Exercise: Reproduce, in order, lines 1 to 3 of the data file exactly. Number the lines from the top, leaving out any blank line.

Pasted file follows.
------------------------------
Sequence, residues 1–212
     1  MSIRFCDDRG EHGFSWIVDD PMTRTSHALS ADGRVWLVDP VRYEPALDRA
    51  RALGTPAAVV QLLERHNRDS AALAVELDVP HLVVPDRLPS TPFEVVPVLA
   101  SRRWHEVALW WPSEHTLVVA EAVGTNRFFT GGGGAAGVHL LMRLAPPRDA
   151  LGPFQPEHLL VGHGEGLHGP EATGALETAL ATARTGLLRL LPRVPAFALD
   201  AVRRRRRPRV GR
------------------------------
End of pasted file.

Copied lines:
Sequence, residues 1–212
     1  MSIRFCDDRG EHGFSWIVDD PMTRTSHALS ADGRVWLVDP VRYEPALDRA
    51  RALGTPAAVV QLLERHNRDS AALAVELDVP HLVVPDRLPS TPFEVVPVLA